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The third human case of electrical and electronic equipment was confirmed at the fair, health officials say



A third human case of equine encephalitis was diagnosed in a Massachusetts man, the Massachusetts Department of Public Health said. The patient is a man over 60 who was exposed to the virus in northern Franklin County. As a result, the risk in two communities in Franklin County has been raised to a critical level. In addition, a Mendon horse and a Uxbridge horse tested positive for the EEE virus, raising the risk to critical levels in two other communities in Worcester County, health officials said. The four communities that currently face critical risk are Heath and Colrain in Franklin County and Mendon and Uxbridge in Worcester County. Earlier this week DPH and the Department of Agricultural Resources announced that in certain areas of the counties of Worcester and Middlesex, airborne spraying will take place from Sunday, August 25, weather permitting. Due to the increased risk in several communities, the spray zone will be expanded. The additional communities that are either partially or fully located in the spray zone are Blackstone, Douglas, Dudley, Holliston, Hopedale, Mendon, Millville, Oxford, Uxbridge and Webster. In addition, MDAR is currently conducting a second round of training in areas of southeastern Massachusetts that began on August 21

and is expected to continue through the weekend. "We see the most intense EEE activity in several years, with the largest area in Bristol and Plymouth Counties, with a second focus in parts of the Worcester and Middlesex counties," said Monica Bharel, Commissioner for Public Health MPH. "We urge people across the state to remember that the peak time for transmission of mosquito-borne diseases here in Massachusetts is September." Overall, in Massachusetts, 23 communities are currently at critical risk, 22 of which are at high risk and 52 at moderate risk for the EEE virus.EEE is a rare but serious and potentially fatal disease that affects people of all ages. EEE occurs sporadically in Massachusetts, with the last eruption years being 2004-2006 and 2010-2012. In these two outbreaks, there were 22 cases of EEE infections in humans, with 14 cases occurring in residents of the counties of Bristol and Plymouth. This year, 330 mosquito samples were infected with the EEE virus, many of which were infested with mosquito species that can spread the virus to humans.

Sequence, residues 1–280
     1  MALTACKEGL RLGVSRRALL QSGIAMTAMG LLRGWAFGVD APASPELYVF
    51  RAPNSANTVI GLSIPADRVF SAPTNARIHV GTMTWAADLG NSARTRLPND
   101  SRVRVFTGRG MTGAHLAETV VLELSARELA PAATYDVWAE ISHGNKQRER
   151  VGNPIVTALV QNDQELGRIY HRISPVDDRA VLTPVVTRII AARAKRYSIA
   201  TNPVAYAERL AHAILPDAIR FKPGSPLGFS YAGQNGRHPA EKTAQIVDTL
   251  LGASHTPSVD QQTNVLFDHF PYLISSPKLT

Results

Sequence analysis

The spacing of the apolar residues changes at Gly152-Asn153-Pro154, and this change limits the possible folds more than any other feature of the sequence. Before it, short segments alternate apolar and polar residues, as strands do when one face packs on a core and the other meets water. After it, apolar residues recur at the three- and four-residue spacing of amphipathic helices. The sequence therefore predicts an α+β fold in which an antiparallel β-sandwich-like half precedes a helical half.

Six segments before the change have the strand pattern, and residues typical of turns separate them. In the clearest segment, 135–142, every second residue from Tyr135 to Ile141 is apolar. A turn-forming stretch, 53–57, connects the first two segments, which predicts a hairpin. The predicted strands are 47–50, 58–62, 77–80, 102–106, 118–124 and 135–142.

A third human case of equine encephalitis was diagnosed in a Massachusetts man, the Massachusetts Department of Public Health said.

The patient is a man over 60 who was exposed to the virus in northern Franklin County.

The risk in two communities in Franklin County has been raised to critical levels.

In addition, a horse from Mendon and a horse from Uxbridge have tested positive for the EEE virus, raising the risk to critical levels in two other communities in Worcester County.

The four communities currently at critical risk are Heath and Colrain in Franklin County and Mendon and Uxbridge in Worcester County.

Earlier this week, DPH and the Department of Agricultural Resources announced that aerial spraying in certain areas of the counties of Worcester and Middlesex on Sunday, August 25, will commence on several evenings, weather permitting.

Due to the increased risk in several communities, the spray zone is extended.

The additional communities that are partially or fully located in the spray zone are Blackstone, Douglas, Dudley, Holliston, Hopedale, Mendon, Millville, Oxford, Uxbridge, and Webster.

In addition, MDAR is currently conducting a second round of training in areas of southeastern Massachusetts that began on August 21 and is expected to continue through the weekend.

"We have seen the most intense EEE activity in several years, with the largest area in the counties of Bristol and Plymouth, with a second focus in parts of the counties of Worcester and Middlesex," said Monika, Public Health Commissioner Bharel. MD, MPH. "We urge people across the state to remember that the peak time to transmit mosquito-borne diseases is here in Massachusetts by September."

Overall, in Massachusetts, 23 communities are currently at critical risk, 22 at high risk and 52 at intermediate risk for the EEE virus.

EEE is a rare but serious and potentially fatal disease that affects people of all ages. EEE occurs sporadically in Massachusetts, with the last eruption years being 2004-2006 and 2010-2012. During these two outbreaks, 22 cases of EEE infections in humans occurred, with 14 cases occurring in residents of the counties of Bristol and Plymouth.

This year, EEE viruses were found in 330 mosquito samples, many of them mosquito species capable of transmitting the virus to humans.


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